A. Slablab, G. Rizza, P.-E. Coulon
Plasmonics aims to exploit the unique optical properties of metallic nanostructures to enable the routing and the active manipulation of light at the nanoscale. However, the broad plasmon resonance of individual NPs limits the potential applications. A promising way to improve the quality of the LSPRs in to create Fano resonances. When light is incident on an array of NPs (elaborated by nanolithography at the LPN, Marcoussis), it is scattered by different elements in the structure. The presence of order in the system enables the appearance of coherent effects among the various scattered waves. These new modes are called lattice surface modes (LSMs) and are characterized by very narrow symmetric and asymmetric (Fano) peaks. The LSMs modes represent a new decay channel for emitters and offer new routes for the design of nano-structured surfaces that enable a control of the spontaneous emission. Fano resonances possess an inherent sensitivity to changes in geometry or in the local environment: small perturbations can induce dramatic shifts in the resonance or line shape and exceptionally large field enhancements. These properties render Fano resonant media particularly attractive for a range of applications spanning from plasmonic photovoltaics, to bio-sensing, SERS and SEIRA spectroscopies.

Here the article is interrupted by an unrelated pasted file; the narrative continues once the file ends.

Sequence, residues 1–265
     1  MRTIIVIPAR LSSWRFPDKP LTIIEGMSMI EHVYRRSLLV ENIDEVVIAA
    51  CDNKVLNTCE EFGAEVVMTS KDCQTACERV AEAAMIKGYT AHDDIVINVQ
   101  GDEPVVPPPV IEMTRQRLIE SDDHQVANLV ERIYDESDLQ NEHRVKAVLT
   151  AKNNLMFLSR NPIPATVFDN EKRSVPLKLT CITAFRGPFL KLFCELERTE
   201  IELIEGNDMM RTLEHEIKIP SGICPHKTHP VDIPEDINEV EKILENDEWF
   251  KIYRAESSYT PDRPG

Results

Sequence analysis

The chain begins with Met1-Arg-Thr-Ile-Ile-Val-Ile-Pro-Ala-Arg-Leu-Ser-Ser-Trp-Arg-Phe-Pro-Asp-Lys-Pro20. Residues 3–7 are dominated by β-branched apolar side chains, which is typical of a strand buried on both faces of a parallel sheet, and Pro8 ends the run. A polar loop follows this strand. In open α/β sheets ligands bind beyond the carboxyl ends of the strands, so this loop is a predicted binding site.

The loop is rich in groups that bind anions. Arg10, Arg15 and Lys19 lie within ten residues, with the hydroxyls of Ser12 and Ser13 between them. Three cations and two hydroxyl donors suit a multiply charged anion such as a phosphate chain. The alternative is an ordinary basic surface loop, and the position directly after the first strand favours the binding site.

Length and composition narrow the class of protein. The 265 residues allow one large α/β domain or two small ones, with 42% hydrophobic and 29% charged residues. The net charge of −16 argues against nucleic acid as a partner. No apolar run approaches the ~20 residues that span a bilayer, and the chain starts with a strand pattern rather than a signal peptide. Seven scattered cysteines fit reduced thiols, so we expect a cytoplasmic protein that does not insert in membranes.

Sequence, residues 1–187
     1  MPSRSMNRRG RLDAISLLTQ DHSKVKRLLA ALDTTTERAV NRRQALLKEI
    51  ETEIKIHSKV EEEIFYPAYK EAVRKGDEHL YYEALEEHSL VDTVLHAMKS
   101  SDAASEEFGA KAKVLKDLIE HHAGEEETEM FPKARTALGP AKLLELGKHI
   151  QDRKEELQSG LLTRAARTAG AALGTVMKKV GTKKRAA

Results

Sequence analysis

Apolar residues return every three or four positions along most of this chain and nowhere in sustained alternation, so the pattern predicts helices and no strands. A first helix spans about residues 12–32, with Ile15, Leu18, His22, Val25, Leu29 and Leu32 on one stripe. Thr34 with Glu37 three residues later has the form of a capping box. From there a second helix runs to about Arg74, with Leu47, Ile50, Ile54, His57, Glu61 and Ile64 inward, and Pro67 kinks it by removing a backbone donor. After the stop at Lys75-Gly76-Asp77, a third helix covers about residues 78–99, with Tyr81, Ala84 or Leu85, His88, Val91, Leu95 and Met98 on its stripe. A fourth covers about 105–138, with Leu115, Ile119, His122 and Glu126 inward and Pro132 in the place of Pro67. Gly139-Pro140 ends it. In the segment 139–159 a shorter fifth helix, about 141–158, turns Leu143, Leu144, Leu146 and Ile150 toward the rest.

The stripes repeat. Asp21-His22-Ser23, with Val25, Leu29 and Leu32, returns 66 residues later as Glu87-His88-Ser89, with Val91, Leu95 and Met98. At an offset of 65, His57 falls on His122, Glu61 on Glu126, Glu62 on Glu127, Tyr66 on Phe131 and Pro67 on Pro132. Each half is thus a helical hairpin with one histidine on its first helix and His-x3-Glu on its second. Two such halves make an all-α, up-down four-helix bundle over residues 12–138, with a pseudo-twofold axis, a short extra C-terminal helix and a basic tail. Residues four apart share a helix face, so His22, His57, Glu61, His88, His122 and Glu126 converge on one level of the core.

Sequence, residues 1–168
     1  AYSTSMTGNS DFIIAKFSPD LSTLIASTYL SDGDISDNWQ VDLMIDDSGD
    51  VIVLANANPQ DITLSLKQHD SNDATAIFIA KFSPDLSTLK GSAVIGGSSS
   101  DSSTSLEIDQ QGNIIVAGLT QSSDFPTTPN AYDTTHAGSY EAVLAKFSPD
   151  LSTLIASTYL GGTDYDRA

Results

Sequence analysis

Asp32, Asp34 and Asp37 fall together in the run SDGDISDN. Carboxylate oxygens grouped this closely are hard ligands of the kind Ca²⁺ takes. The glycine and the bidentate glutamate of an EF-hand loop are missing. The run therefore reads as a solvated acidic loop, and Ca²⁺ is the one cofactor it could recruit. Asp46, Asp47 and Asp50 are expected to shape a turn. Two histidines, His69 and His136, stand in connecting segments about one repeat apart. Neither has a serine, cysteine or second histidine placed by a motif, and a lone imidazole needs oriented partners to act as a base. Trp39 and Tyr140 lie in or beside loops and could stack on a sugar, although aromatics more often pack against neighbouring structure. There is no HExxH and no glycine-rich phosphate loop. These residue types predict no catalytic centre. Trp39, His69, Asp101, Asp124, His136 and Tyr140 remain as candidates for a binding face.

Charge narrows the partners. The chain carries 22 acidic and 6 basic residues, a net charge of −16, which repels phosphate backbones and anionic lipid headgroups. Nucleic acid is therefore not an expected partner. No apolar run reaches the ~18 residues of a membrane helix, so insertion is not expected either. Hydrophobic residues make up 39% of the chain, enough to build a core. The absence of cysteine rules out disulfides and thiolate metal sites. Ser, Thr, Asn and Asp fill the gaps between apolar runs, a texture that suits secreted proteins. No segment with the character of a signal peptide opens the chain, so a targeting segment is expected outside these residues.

a) 2D array of Au nanopillars at Air/SiO2 interface, b) 2D array of Au Nanopillars and c) Au nanospheres embedded with a SiO2 matrix
Fano resonance in a 2D array of gold NPs